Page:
Many marketers, when tasked with what to write about for my email campaign, fall into the trap of saying why their product is good, without saying why it is good for the customer. This applies to email as well. Try not to bombard a customer with images and copy and go for less, while providing them some sort of informational value. Less is more is something that all email marketers should think about.

Call To Action Problems: The last thing you want is to have an engaged customer who reads a good marketing email then does nothing else. All emails should go towards another goal, and your call to action is where your email copy and your greater goal meet. Without one, you’ve essentially created good work for nothing.

Some people go too far in the other direction. Trying to avoid sending too many emails, they cram several CTAs in one email. All this does is garble your message. Make sure you have a link to your website as well, if it’s not already in your CTA.

Going Image-Only: Many people respond to multimedia, right? Not when it comes to email. Stats show that only 33% of email subscribers have images turned on by default. However, there are exceptions, like selling visual products like clothes.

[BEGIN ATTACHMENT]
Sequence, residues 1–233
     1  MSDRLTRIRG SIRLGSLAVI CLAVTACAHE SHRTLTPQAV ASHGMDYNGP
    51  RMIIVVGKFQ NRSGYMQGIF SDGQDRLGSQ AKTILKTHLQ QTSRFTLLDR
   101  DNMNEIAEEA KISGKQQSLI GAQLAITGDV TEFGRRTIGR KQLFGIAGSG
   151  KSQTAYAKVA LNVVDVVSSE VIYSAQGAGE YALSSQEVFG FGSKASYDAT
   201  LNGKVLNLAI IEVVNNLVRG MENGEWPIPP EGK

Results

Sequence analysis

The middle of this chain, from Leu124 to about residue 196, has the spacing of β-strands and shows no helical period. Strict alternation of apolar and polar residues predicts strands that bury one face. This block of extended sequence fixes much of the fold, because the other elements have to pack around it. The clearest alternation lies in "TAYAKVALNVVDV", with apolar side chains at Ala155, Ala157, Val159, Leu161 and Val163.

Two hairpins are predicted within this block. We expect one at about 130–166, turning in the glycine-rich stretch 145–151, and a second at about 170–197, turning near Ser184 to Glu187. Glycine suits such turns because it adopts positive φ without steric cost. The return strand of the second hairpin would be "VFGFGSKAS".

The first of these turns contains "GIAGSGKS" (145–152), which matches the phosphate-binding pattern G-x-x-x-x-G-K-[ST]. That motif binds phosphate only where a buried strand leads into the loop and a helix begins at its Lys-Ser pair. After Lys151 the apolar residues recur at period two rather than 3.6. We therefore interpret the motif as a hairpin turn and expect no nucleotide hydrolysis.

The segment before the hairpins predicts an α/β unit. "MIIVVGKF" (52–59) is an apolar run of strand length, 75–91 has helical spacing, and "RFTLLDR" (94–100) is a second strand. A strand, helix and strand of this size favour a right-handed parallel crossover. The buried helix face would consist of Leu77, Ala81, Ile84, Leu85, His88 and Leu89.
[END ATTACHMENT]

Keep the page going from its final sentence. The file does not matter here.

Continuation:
Inconsistency: If you have a monthly or weekly email plan, you need to stick to it. If you go off course early on, potential readers may think you are disorganized and unsubscribe. If you build a following then stop, people think that there’s some sort of issue or your business may be in trouble. No one wants that stormcloud following their brand.

Formatting Errors: The last thing you want is an error showing up on your final product, especially if it exposes your use of a template or something similar. People on email lists already feel like they are more of a commodity than a valued customer, and showing your hand with mistakes like these only feeds their concerns.